One of the best ways to check if a supplier is “all talk and no action” is to request a product sample before production. Creating a product sample will require the factory to actually demonstrate they’re capable of manufacturing to your desired quality standard.
Verifying sample quality when choosing a supplier can help you decide whether a price quote is appropriate for the quality level of the actual product. But even if you’ve already chosen a supplier, you should still request and review a product sample. A product sample is invaluable for setting quality expectations before mass production to prevent quality defects (related: How Importers Minimize Product Defects by Establishing a Golden Sample).
A golden sample offers an opportunity for you to provide feedback to your supplier and resolve any quality issues before production regarding:
- Parts and materials used
- Adherence to product specifications
- Proper functionality and performance
- Packaging designs, branding and artwork
After you’ve reviewed and approved it, your product sample becomes a “golden” sample. Factory staff can then use your golden sample as a model for reference during production. The golden sample sets the standard for quality so workers can take corrective action of their own volition when quality issues arise during production. This helps prevent quality defects from affecting a large portion of the finished goods.
How to review a golden sample for conformance to your standards
You may be able to review your product samples on your own without any complex equipment or tools. Most importers just need to check the product according to their specifications and test any functions to simulate actual product use.
But depending on product use and applicable regulations, some importers might also want to test samples in a certified lab. Many products require testing for conformance to a particular international standard or legal regulation in their intended market of sale. Such testing might include:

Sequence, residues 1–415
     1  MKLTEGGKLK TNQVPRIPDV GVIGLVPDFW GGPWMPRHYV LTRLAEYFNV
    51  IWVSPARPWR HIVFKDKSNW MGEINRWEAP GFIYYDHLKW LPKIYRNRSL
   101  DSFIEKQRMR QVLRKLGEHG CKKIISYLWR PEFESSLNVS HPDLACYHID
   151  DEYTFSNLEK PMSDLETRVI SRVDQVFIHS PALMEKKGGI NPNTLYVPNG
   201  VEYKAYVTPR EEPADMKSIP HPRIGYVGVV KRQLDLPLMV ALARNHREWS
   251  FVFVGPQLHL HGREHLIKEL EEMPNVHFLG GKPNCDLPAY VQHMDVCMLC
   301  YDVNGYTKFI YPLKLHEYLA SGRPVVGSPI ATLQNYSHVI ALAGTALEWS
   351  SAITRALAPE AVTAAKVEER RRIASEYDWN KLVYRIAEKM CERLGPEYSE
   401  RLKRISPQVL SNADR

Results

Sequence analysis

- Safety testing
- Product performance and durability testing
- Material composition and purity testing
- Comparison testing, or benchmarking, usually against a competing product’s performance
- Packaging testing
You might be thinking shipping a product sample from your supplier to your home country sounds costly and time consuming. This might be particularly true of large products like home appliances, furniture or industrial goods. A third-party inspection company can often review samples for you, either at their local office or at your supplier’s facility itself, cutting down on transportation cost and time.
When hiring a third party to review your product samples, make sure you provide all the relevant product specifications and requirements for your product. This helps the third party accurately assess the sample just as you would.
After reviewing the sample, make sure the third party sends the sample back to the factory for reference. Any sample you intend independent inspectors to use should also be marked and sealed as a golden sample. This helps prevent factory workers from potentially tampering with or replacing the sample with another unit (related: 3 Must Do Procedures for Handling Golden Samples for Manufacturing).
4. Set your tolerances for quality defects in a quality manual
A golden sample shouldn’t be the only resource factory staff reference during production. In fact, the main resource for factory staff regarding your requirements should be a quality manual, or quality control checklist, you provide your supplier (related: 5 Essentials of a QC Checklist [eBook]).